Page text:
The Observer and Krishnamurti’s Teaching
The Observer and Krishnamurti’s Teaching
When I was 17 I had a shattering, life-altering insight into the illusion of the separate observer. A few years later, I came upon the teachings of J. Krishnamurti, for whom the nonexistent division between “the observer and the observed” was a central tenet.
For many years I felt that “the teachings” were complete. Nothing in Western or Eastern philosophy seemed to come close to their clarity and depth. Encounters with ‘Krishnamurti people’ in recent years have made me question the application of “the teachings” with his followers, and even to question their applicability in general.
Regarding the cornerstone of Krishnamurti’s teachings, my own understanding of the core principle, which arose from the questioning, introspection, and insight in my teens and beyond, is as follows.
When we look into ourselves (admittedly an uncommon activity, especially in America), there is a division between ‘my thoughts and feelings,’ and ‘me.’ For some unfathomable reason, I noticed this separation as a young man, and it philosophically intrigued me. I began asking, ‘what is this observer that stands apart, observing emotions and thoughts in oneself as if they’re separate?’
Over a few months, I kept asking the question when the conundrum of ‘me and my thoughts’ came up again. Then one day, while watching a robin in my parents’ backyard, there was an explosion of insight. At a non-verbal level I saw that the ‘observer’ is an illusion that the mind continually fabricates. There is no separation—the observer and the observed are one and the same!
At that moment the veil was lifted, and one truly saw a bird for the first time, without the screen of words and images, knowledge and association. There was only the actuality of the robin, with its vibrant color, form, and being. There was also an inchoate insight into the very roots of human division and alienation.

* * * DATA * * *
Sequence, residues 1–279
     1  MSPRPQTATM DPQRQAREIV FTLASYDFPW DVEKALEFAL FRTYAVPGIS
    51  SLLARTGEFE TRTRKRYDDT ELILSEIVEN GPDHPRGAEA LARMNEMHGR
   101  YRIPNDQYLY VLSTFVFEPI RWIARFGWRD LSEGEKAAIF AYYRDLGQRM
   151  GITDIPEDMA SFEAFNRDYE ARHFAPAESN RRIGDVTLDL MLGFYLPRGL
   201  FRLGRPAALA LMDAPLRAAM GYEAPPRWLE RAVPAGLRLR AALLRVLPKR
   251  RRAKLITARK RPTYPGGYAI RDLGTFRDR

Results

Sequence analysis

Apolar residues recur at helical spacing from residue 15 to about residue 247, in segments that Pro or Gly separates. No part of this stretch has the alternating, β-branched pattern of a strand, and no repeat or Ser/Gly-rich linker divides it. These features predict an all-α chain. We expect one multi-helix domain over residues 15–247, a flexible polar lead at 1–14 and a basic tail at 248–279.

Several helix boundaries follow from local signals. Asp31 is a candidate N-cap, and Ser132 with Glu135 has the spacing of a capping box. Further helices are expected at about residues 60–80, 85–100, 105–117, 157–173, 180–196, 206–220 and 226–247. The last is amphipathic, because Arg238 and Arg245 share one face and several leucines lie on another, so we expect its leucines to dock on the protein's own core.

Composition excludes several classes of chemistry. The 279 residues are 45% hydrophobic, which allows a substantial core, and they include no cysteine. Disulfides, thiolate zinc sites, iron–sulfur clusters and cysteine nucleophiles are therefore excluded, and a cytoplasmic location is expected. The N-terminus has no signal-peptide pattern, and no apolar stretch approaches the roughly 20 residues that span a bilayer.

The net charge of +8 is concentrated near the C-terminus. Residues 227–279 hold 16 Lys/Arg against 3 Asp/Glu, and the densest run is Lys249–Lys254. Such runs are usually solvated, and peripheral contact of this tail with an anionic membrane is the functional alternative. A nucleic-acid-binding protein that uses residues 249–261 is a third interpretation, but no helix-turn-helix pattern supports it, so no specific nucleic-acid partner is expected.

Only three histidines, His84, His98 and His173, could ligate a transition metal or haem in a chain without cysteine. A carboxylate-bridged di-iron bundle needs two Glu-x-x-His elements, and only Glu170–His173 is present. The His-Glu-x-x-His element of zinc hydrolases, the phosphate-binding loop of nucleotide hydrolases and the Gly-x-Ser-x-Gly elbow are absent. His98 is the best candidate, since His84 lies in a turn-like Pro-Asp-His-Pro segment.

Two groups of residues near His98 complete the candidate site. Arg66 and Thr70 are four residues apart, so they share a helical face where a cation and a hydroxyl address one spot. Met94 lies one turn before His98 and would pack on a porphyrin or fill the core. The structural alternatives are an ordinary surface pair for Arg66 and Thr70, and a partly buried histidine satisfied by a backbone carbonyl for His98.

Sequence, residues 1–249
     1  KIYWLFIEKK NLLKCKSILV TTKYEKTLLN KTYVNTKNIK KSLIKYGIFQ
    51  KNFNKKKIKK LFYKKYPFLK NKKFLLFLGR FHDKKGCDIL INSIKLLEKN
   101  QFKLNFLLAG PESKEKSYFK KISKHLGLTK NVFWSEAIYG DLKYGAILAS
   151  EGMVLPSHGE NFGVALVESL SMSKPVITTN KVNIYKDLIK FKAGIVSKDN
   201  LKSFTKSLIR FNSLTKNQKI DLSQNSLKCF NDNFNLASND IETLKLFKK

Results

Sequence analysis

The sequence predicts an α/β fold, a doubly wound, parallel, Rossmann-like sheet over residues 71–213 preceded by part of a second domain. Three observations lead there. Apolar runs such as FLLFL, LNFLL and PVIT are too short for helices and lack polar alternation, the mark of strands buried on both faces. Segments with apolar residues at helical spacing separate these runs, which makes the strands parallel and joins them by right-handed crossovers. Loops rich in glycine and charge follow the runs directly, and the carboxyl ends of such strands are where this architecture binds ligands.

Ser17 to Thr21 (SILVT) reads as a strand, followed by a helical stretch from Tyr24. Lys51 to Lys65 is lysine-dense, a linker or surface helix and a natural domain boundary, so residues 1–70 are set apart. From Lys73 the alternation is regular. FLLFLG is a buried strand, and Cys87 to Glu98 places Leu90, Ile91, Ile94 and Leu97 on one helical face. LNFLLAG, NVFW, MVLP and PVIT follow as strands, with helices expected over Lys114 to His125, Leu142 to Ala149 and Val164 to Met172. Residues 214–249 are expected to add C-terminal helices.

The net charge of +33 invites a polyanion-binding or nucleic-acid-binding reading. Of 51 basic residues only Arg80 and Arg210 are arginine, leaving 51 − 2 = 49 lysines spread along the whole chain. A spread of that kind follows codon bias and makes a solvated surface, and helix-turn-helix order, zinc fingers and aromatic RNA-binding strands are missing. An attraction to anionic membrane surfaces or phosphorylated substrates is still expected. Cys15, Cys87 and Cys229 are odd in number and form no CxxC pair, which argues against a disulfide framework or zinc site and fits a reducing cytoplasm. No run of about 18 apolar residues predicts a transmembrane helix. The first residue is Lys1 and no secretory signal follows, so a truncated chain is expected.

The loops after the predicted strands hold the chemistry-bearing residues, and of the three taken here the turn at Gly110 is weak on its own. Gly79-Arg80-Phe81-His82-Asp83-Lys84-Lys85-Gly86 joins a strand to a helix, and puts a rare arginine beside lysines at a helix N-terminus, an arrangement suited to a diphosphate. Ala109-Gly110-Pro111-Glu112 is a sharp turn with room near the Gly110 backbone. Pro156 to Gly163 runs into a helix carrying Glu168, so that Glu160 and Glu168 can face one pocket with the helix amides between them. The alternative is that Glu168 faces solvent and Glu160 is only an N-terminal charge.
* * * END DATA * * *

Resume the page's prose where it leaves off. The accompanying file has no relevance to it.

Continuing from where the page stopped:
Because it was so different from anything I had ever read or been taught, I thought I needed validation of the experience and insight. I found Krishnamurti’s teachings, but now I feel a subtle dependency set in reading “the teachings.” (I’ve come to feel the very phrase “the teachings” encourages such dependency, since it breeds a subtle psychological and spiritual authority, something that Krishnamurti decried.)
After years of inquiry, the original insight grew, and took philosophical shape and form. My basic premise is that the evolution of ‘higher thought,’ which is based on the adaptation in Homo sapiens to consciously make physical separations and recombinations of our environments, carries with it the ineluctable tendency to psychologically divide.
Alienation, war, and fragmentation of the earth have their roots in psychological division, which is a mistaken carryover of the physical ability to separate (which literally means ‘to remove and make ready for use’).
The antidote to psychological division is taking the time and gathering the energy to passively observe the movement of thought as a whole within oneself.
It’s like holding a mirror up to a mirror. At first it seems like an ‘infinite regress,’ but then the observer spontaneously dissolves. What remains is simply the brain observing the contents of the mind (which include emotions), without the illusory entity standing apart judging and evaluating.
Keep observing, and the past unfolds like a scroll rolling out before one’s eyes. First, bits of the movie seen last night might replay on the screen of the mind. Then some old, unresolved emotion may arise. One does nothing, simply watches, and in the watching without the watcher, the past tells its story, and yields to the present.
Internally we have reactions, and we have reactions to our reactions--otherwise known as judgments. (Of course, there’s a third level of reaction, in which one acts out of one’s stuff, but that’s another issue.) The point here is that if one effortlessly negates the secondary level of reaction and observes without the separate observer, then silence, peace, and renewal ensue.
This is what meditation means to me, not all the mumbo-jumbo of watching one’s breath, repeating some mantra, or any of the other absurd ‘forms of meditation’ that people make money selling.
This is also how I understand Krishnamurti’s basic teaching, without the admonition “don’t interpret the teachings,” which only makes interpretation all the more firm and fixed.
There’s a fine line between interpretation and understanding, and each of us has to walk that tightrope for ourselves. The truth is within us, not in any text or teaching.
- Martin LeFevre is a contemplative, and non-academic religious and political philosopher. He has been publishing in North America, Latin America, Africa, and Europe (and now New Zealand) for 20 years. Email: firstname.lastname@example.org. The author welcomes comments.